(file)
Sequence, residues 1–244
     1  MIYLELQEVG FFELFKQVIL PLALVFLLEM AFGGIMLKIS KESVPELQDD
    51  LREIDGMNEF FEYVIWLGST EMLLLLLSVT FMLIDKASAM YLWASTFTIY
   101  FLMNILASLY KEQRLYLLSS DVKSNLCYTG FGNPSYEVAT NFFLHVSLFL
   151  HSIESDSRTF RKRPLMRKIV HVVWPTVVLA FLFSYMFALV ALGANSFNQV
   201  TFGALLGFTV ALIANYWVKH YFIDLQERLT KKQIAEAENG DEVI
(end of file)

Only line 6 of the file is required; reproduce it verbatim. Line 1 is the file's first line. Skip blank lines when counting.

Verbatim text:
   201  TFGALLGFTV ALIANYWVKH YFIDLQERLT KKQIAEAENG DEVI